A month of FT8

Yesterday was when Tom  AB7WT completed his first month of using his uBITx on the air and it’s been 100% FT8.

After one month, Tom has had 252 FT8 contacts!

This has been achieved with a modest random length end-fed 59 ft antenna with one end up in a tree.  He’s worked 80m, 60m, 40m, 30m, 20m, 17m, & 15 meters.

Almost all contacts have been using 4 watts or less. The results have
been great.  It includes 45 of 50 US states confirmed toward Worked All States (WAS).   He is still trying to nail down those last 5 states.  Tom has worked New Zealand, Australia, Russia AS, Samoa, Cuba, Japan,
and Canada.

So, he’s been very happy with FT8.  He’ll be even happier when
the sunspot cycle turns upwards …..:)

Are there other happy op stories out there?


GPS and digital modes

Many digital modes (such as WSPR and FT8) require reasonably price clocks which may be assisted by GPS technology.

Hans G0UPL  observes that WSPR does not require GPS. However:

1) WSPR requires precise frequency, the transmission must be within the 200Hz WSPR sub-band.

2) WSPR requires precise timing: transmissions start on the 2nd second of even minutes, +/- a few seconds. An ordinary crystal or worse still, the ceramic resonator on some Arduinos, will not provide sufficient timing accuracy to run WSPR for long.

A GPS is a very convenient and easy way to achieve both of these objectives. On the Ultimate3S kit http://qrp-labs.com/ultimate/u3s the latitude and longitude are also converted to Maidenhead Locator which is encoded live, into each WSPR transmission. Something that is necessary if you want to use WSPR for tracking something (ship, balloon) for example the Canadian C3 expedition http://qrp-labs.com/c3

Speaking of which: Jim N2NXZ’s U3S-22 balloon (running modified Ultimate3S firmware) reached Kazakhstan today. For the second time! It’s already been flying for 23 days, at a little over 9,000m altitude, and completed one world circumnavigation! See http://qrp-labs.com/flights/u3s22 for details and live tracking (using WSPR) during daytime. Big congratulations to Jim!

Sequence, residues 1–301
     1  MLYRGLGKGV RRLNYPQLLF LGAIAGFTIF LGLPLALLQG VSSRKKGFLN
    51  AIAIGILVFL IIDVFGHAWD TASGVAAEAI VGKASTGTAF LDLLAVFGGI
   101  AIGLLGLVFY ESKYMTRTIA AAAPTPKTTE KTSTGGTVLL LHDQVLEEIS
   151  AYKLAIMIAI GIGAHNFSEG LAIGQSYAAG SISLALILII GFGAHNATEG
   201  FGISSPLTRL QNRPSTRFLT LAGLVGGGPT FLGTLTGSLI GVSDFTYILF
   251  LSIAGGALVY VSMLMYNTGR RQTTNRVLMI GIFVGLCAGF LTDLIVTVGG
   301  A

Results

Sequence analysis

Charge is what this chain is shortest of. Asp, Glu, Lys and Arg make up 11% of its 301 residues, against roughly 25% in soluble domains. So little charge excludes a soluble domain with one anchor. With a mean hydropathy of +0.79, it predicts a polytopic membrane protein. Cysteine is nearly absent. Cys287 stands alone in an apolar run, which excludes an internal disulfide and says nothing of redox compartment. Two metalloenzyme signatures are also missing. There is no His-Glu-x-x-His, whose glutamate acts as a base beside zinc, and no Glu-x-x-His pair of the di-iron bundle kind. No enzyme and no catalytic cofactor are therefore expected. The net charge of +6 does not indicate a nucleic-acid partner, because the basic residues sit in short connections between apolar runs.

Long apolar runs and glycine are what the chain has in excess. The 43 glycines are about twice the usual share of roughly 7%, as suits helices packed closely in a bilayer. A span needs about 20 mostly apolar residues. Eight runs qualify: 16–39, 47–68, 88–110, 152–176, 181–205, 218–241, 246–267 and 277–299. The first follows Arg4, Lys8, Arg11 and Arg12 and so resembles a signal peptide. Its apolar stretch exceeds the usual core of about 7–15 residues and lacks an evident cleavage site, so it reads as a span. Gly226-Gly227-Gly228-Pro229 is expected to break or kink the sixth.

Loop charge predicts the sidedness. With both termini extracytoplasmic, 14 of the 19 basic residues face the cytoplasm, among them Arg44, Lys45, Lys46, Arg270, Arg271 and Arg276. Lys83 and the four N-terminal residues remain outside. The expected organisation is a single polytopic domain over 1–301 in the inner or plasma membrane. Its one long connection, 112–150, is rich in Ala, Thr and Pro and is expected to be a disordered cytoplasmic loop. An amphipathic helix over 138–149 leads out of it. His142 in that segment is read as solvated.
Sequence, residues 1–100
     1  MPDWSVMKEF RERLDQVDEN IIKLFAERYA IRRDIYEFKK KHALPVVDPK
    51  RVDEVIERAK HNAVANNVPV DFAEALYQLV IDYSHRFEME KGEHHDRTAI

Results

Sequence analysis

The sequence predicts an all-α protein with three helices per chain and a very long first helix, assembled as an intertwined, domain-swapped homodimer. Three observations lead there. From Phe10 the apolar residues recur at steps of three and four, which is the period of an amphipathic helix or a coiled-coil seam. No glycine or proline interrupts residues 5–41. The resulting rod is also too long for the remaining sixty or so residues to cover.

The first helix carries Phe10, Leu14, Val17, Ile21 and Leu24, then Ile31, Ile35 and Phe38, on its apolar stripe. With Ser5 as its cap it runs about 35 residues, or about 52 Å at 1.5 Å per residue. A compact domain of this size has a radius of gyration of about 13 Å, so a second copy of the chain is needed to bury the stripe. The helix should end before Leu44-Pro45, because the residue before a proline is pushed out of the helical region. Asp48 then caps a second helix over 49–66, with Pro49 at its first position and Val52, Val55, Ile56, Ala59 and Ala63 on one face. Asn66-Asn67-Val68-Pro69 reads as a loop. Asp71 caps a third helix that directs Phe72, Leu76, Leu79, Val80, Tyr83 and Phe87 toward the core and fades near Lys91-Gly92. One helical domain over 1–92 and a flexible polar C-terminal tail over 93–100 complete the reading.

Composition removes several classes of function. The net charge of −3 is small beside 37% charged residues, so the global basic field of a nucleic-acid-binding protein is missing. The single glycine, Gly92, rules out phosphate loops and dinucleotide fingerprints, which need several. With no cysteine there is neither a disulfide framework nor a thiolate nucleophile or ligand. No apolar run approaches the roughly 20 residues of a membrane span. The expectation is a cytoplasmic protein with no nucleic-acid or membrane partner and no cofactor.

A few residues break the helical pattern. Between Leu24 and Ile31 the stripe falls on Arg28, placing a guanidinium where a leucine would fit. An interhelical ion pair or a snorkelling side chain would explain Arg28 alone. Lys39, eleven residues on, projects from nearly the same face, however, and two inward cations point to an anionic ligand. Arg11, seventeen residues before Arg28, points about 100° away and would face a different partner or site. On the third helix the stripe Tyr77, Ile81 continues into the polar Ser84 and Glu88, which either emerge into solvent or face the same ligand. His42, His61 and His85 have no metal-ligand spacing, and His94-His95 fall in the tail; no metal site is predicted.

WSJT-x release addresses Linux issues with uBITx

JP Bhatnagar, VU2SPF, has advised the list that the anticipated announcement  of a new version of WSTJ-X has been  made by Joe Taylor of the WSTJ-X development team. This mentions addressing ubitx transceiver connectivity with WSTJ-X.   WSTJ-X  has become very popular with amateur operators, as it implements the exciting new FT8 digital mode.
The full announcement follows:

The WSJT Development Group is pleased to announce a third Release Candidate of WSJT-X Version 1.9.0.  A second release candidate, v1.9.0-rc2, has been tested in the field over the past three weeks, including a public test of FT8 DXpedition Mode conducted on March 6-7.

A General Availability (GA) release of v1.9.0 will be announced at a suitable time, probably in the near future.  After that time you should stop using any -rc# release candidate.

Here’s a short list of features and capabilities added to WSJT-X since Version 1.9.0-rc2:

1. Corrected a number of flaws in Fox behavior, FT8 DXpedition Mode

2. Allow Hounds to use compound callsigns in FT8 DXpedition Mode

3. Write debugging information to FoxQSO.txt

4. Fix the “Blue Decode Button” bug

5. Allow partial processing of incoming UDP Reply messages so that non-CQ/QRZ decodes can be processed. The processing is the same as double-clicking the same decoded message within WSJT-X except that “Enable Tx” will not be enabled.

6. Send DX grid locator to wsjt_status.txt, for use by applications like PstRotatorAZ

7. Correct the display of DXCC status of KG4 calls

8. Updated copy of cty.dat

9. Updates to documentation

10. Updated Hamlib functionality including changes to the Yaesu FT-817  back end that allows the uBITx kit transceiver to be CAT controlled by WSJT-X.

10. Other minor bug fixes